Past Exhibitions

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Mindy Weisel | Not Neutral

Mindy Weisel | Not Neutral  is comprised of three significant bodies of work that parallel one another in large-scale human and environmental tragedies - Paintings of the Holocaust (ca. 1980), Survival of Beauty (2010), and After Tohoku (2012).

The exhibition reveals in each series the artist's exploration of deep emotion through color, gestural marks, surface tension, and composition.  These works are profound expressions of the triumph of beauty, reconciliation, and healing over human tragedy, loss, and destruction.

Dan Steinhilber: Marlin Underground

Dan Steinhilber presents new work in response to the design for The Kreeger Museum as a space for art and musical performance. Inspired by the secret musical life contained within some of the everyday objects and materials with which he has long been fascinated, Steinhilber has set out to teach (as it were) some of these things—a cardboard box, HVAC ventilation shaft, clothing dryer, or an old squeaky desk chair, for example—to play their own sounds.

Dan Steinhilber, Marlin Underground, 2012, found objects, audio equipment, sound, Photo courtesy of the artist)

Sculpture on The Grounds, 2011 Invitational

Each artist responded to the invitational with various interpretations, Luttwak with a site-specific installation, Jackson-Jarvis with a piece originally conceived some years earlier. Jackson-Jarvis' sculpture, created for an exhibition inspired by Thomas Jefferson, was previously displayed in an unmarked slave cemetery located at Montpelier, the plantation home of James and Dolly Madison in Orange, VA. She pays homage to the enduring stories embedded in teh shape and structure with Markings, a narrative of the antebellum south, incorporationg proportions of vernacular architecture and chicken feet.

Dalya Luttak, When Nature Takes Over, 2011. Painted steel, roots and vines

Tom Wesselmann DRAWS

The most comprehensive exhibition of drawings by Tom Wesselmann ever assembled. Many of the 60 pieces on view had never been seen outside the artist's studio in New York.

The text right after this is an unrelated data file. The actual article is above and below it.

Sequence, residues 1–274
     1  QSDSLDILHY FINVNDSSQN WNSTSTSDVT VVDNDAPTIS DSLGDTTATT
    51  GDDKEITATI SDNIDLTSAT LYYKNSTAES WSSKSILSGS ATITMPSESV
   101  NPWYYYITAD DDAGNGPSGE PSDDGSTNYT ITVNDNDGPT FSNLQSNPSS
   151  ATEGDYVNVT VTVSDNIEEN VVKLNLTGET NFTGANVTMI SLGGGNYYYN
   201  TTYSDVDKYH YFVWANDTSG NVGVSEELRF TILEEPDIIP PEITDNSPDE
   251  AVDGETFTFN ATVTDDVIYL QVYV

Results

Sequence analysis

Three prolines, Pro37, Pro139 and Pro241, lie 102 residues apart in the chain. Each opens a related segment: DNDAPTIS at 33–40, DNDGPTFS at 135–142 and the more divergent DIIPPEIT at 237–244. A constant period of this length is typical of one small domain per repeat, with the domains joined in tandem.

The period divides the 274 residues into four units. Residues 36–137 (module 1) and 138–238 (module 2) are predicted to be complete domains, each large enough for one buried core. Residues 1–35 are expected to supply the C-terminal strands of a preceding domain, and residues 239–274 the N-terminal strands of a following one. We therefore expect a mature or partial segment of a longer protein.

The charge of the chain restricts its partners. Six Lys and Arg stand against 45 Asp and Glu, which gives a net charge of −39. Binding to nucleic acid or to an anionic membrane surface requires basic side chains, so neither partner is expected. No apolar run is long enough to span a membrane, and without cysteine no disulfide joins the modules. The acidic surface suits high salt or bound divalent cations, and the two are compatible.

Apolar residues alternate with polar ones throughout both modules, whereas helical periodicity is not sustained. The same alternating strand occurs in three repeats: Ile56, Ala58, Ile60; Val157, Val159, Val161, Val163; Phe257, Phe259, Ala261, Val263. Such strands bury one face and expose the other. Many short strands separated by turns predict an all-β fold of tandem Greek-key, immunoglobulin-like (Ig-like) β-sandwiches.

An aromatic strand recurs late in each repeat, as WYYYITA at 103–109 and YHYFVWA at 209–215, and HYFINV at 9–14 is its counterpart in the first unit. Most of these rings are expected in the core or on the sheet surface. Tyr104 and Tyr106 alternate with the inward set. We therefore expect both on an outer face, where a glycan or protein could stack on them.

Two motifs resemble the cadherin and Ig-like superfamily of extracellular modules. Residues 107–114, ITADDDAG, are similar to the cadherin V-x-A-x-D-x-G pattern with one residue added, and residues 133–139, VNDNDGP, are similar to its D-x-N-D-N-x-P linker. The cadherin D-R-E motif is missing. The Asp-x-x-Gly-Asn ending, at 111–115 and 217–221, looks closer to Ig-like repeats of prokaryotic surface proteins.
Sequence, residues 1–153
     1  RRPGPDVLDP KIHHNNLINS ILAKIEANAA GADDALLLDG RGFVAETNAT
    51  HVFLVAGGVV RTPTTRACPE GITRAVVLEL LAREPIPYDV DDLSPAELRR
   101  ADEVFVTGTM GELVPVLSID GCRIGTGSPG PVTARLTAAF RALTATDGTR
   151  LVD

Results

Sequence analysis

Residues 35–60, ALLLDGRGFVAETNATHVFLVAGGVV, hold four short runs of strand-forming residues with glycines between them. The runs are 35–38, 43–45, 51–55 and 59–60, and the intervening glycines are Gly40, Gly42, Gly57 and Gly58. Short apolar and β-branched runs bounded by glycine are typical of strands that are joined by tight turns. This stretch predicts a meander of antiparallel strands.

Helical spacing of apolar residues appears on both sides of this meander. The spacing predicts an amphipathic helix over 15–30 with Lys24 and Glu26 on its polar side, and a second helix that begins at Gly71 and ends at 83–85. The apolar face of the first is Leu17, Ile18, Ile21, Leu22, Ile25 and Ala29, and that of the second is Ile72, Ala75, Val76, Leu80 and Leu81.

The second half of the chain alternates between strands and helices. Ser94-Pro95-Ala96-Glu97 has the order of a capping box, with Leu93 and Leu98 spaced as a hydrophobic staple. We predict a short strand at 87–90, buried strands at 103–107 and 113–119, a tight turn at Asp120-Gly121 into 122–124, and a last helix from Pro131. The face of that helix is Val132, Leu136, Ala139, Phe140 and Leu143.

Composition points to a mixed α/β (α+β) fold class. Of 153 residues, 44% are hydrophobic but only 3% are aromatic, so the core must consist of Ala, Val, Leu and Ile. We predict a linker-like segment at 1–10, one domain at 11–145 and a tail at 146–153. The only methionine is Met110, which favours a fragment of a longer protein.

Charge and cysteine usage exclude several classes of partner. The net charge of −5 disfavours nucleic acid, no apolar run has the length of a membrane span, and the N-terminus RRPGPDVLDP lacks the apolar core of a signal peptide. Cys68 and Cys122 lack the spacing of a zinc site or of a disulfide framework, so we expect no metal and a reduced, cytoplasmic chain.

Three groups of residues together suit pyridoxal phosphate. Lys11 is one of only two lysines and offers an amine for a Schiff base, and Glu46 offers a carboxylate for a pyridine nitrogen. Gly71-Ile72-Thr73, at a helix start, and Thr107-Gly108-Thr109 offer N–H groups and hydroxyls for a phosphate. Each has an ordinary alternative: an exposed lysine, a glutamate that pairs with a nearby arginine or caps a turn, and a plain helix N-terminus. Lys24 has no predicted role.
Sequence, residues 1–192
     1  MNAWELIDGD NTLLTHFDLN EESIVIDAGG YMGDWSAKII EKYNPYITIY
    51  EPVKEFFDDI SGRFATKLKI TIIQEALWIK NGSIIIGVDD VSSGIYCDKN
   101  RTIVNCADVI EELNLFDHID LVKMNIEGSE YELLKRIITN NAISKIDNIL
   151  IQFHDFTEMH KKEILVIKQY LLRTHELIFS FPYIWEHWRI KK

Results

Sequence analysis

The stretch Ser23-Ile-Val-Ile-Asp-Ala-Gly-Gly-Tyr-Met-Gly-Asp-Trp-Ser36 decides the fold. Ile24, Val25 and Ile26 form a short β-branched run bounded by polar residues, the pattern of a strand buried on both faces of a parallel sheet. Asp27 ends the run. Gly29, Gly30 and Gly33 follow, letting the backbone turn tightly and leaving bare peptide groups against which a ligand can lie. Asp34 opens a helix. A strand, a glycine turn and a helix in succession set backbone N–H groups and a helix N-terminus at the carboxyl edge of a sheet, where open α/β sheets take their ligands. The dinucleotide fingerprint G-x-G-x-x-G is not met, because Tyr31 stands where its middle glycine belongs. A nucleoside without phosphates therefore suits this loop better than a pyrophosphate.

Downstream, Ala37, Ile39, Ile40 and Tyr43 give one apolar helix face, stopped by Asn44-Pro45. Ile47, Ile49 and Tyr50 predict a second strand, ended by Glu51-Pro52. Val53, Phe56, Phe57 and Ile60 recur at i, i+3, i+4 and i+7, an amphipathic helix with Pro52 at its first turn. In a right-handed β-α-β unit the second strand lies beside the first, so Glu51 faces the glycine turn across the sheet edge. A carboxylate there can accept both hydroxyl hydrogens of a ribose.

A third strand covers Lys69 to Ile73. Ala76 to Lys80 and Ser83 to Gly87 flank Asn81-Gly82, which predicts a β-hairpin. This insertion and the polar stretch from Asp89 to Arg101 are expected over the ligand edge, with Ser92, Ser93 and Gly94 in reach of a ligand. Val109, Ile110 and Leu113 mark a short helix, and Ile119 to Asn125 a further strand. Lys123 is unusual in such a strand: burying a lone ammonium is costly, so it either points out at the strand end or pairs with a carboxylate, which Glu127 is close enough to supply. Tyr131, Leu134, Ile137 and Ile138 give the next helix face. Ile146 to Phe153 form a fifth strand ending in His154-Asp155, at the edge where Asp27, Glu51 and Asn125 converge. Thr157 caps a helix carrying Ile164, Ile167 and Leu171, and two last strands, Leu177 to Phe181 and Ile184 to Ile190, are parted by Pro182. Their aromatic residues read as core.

Tom Wesselmann, Study for Still Life #46, 1964, Pencil and liquitex on paper. 42 x 53 inches Art (c) Estate of Tom Wesselmann/Licensed by VAGA, New York, NY

In Unison: 20 Washington, DC Artists

This exhibition was the culmination of a project initiated by renowned artist Sam Gilliam, bringing together of 20 established artists from the DC community, working in different styles and mediums to create 20 prints in the studios of George Mason University.

Martha Jackson-Jarvis, Spirit Bones II, 2010, Acrylic on oil base monotype, 30" x 22"



Kentridge and Kudryashov: Against the Grain

An exhibition of works by South African artist William Kentridge and Russian artist Oleg Kudryashov.

Oleg Kudryashov, Soldier with Doll, 1991. Drypoint, watercolor, gouache and charcoal, 41.2 x 56.3 inches. Collection of Garth and Nataliya Trinkl, Washington, DC. Photo by Greg Staley​

Sculpture on The Grounds, 2009 Invitational

Wendy Ross and Foon Sham were selected to install a piece in the Kreeger Sculpture Garden by co-curators Judy A. Greenberg, Director of The Kreeger Museum and Francoise Yohalem, Public Art Consultant.

Wendy Ross, Haiku II, 2007. 7' diameter, welded aluminum poweder coat. Photo by J.P. Beirne

Philip Johnson: Architecture as Art

Philip Johnson: Architecture as Art will showcased the relationship between art and architecture as seen through Philip Johnson's (1906-2005) late works. Johnson was the architect of The Kreeger Museum.

Philip Johnson, Da Monsta, designed 1993, New Canaan, Connecticut. Photo by Michael Moran

Gene Davis: Interval

A timely and extensive exhibition about Gene Davis’ use of interval in his stripe paintings, micro-paintings and works on paper. The exhibition is co-curated by Andrea Pollan and Jean Lawlor Cohen and includes a co-authored four-color catalog.

Gene Davis, Untitled Painting, 1969, Collection of The Kreeger Museum


On Music: Tim Rollins + K.O.S.

The Kreeger Museum joined with Pyramid Atlantic Arts Center and FUSEBOX Gallery in a collaborative endeavor to bring the art and energy of Tim Rollins + K.O.S. to Washington, DC.

Tim Rollins + K.O.S., Cursing Despair, from The Creation (after Haydn), 2004. Watercolor, abaca paper, collage on music score, 10" x 7.75". Courtesy of Carrie Secrist Gallery, Chicago, IL

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